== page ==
Health and Human Services Certificate
About the Program
The Health and Human Services Professional Certificate is designed for those interested in public health, human services, and home visiting professional careers. The goal of the certificate is for students to acquire knowledge and competencies required for professional practice and optimum service to individuals, families, and communities in need of supportive services to gain and sustain human potential to increase the quality of life. Students can choose the first course and the focus for their career goals in human services or public health. The remaining courses and field experience are applicable to all health, human service and home visiting professions. This certificate builds competencies in effective communication, ethical practices, cultural sensitivity, empowering others, assisting individuals in meeting personal needs, coordinating community services, and advocating for accessible, available, affordable high-quality services for all individuals.
Who Should Attend?
Who Should Attend? Those who aspire to a career in health and human services and are interested in a short-term academic credential. High school graduates interested in a program to leading to employability in health and human service occupations. Those who work in these professions without a formal academic credential.
Certificate Program Benefits
A certificate program is a flexible, convenient and short-term commitment to your professional development, self enhancement and career advancement opportunities. Certificate program courses can articulate to degrees in Child and Family Studies and Public Health.
Admission to Certificate Programs
A high school diploma or a GED is required. There are no prerequisites to this certificate. All courses are taken at Keystone College and no course transfers will be accepted.
This certificate is available at Keystone College, on-site or online. Dual enrollment for high school students may be an option. It can be offered for any health or human service organization with sufficient enrollment or as a consortium-based program with multiple organizations.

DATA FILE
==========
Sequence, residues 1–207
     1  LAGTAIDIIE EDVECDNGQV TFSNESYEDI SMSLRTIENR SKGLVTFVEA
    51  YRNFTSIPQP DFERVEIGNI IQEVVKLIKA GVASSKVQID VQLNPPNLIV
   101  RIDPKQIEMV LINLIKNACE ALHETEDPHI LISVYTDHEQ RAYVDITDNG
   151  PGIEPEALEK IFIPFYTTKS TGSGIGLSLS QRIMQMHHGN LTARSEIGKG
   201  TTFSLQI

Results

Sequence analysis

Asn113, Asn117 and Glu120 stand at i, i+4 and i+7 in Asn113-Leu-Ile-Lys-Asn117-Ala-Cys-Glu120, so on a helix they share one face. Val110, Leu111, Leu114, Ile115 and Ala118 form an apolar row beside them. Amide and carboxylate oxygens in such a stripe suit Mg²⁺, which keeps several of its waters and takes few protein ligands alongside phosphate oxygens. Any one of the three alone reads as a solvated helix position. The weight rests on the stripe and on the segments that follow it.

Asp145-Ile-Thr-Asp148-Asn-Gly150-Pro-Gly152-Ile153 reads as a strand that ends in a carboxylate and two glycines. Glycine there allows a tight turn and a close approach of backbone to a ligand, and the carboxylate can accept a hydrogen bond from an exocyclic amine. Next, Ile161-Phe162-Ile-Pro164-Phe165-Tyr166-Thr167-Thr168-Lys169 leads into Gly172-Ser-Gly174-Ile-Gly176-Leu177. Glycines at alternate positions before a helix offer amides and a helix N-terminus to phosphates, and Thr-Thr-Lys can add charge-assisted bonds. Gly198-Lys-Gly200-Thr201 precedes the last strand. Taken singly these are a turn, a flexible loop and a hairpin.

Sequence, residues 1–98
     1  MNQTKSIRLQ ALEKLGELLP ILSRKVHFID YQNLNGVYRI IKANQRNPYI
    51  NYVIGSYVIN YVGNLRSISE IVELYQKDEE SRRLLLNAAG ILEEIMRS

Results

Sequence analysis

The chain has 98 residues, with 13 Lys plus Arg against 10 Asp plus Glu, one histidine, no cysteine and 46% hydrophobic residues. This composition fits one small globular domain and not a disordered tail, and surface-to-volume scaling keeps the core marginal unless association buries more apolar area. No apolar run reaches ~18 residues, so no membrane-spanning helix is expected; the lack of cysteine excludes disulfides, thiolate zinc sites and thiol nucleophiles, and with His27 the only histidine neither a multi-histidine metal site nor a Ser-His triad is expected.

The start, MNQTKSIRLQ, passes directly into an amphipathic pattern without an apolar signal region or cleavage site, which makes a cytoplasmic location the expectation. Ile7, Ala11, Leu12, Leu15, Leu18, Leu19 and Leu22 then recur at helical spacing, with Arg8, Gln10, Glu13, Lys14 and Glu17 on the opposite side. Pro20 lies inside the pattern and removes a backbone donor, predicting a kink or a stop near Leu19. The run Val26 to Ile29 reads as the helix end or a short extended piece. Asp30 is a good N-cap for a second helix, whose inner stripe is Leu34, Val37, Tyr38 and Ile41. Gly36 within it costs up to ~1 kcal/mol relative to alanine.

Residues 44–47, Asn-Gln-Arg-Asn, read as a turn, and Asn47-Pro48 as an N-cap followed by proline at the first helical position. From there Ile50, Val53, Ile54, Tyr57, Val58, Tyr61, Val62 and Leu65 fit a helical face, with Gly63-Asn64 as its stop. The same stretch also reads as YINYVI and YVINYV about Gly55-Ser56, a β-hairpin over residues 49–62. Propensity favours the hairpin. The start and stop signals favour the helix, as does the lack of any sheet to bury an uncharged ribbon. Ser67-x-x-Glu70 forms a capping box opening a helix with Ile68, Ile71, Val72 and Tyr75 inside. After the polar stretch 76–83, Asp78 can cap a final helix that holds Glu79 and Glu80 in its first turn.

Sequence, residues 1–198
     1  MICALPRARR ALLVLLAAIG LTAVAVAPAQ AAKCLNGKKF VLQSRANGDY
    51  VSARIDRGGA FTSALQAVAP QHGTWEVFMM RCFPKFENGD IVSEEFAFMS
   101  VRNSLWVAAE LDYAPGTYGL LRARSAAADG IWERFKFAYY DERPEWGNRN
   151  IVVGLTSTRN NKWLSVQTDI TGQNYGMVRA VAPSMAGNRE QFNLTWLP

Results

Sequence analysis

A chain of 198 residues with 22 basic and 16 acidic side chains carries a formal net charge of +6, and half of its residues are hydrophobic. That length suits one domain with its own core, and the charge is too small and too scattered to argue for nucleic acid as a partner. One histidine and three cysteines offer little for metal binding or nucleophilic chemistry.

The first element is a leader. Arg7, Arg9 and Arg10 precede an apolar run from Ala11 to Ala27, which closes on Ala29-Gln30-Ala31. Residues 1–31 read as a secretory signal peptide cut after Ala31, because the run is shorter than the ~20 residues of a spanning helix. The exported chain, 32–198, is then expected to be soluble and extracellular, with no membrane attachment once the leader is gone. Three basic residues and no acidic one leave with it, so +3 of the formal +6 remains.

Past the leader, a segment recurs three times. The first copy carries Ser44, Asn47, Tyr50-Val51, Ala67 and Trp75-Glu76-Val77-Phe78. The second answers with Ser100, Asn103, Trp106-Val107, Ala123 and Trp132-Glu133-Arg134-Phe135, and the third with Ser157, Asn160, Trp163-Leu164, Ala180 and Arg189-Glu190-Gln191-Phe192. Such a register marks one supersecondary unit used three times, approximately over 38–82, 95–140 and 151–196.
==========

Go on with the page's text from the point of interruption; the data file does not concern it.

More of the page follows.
Full-time students should contact the Financial Aid Office. Keystone College accepts all forms of tuition reimbursement from employers. Part-time students can contact the Professional Development Institute for information on loans.
- The Helping Relationship (HSER 2115): Introduces the essential components of a helping relationship and assists the student in developing the skills of helping (i.e., observation, recording of behavior, direct intervention with clients, effective communication, and self-assessment). 3 credits
Introduction to Public Health (PBHL 1110): Introduces public health concepts and practice by examining the philosophy, purpose, history, organization, functions, tools, activities and results of public health practice at the national, state, and community levels. Addresses important health issues and problems facing the public health system. Case studies and a variety of practice-related exercises serve as a basis for student participation in real world public health problem-solving simulations. Stimulates interactions among learners and instructors around important problems and issues facing public health. 3 credits
- Human Services Systems (HSER 2120): Provides students with an orientation to the systemic functioning of human services programs. Emphasis is on program development and evaluation, funding opportunities, governing regulations, and the range of services provided to children and families. 3 credits
- Community Health (PBHL 2120): Focuses on the concept of community health by exploring the components of a healthy community and the interactions between the constituents within a community. Defines and uses community-based participatory research. 3 credits.
- Developmental Psychology (PSYC 2110): Surveys human development covering the life-span from conception until death, including bio-psychosocial and cognitive changes that occur. Examines the major theoretical viewpoints of development. 3 credits.
- Health Communication (COMM 2165): Surveys the developing sub-discipline of Health Communication. Examines communication and health education as part of the development of Self, the development of dyadic relationships with health care professionals, dynamics involved in small health groups (such as support groups) and large groups (such as insurance companies), concepts of public health initiatives and campaigns, and intercultural expectations of health communication. 3 credits
- Field Experience (HSER 4710): Provides students with a 120-hour placement in a human services agency related to the student’s area of interest (i.e., education, children and youth, criminal justice settings). 3 credits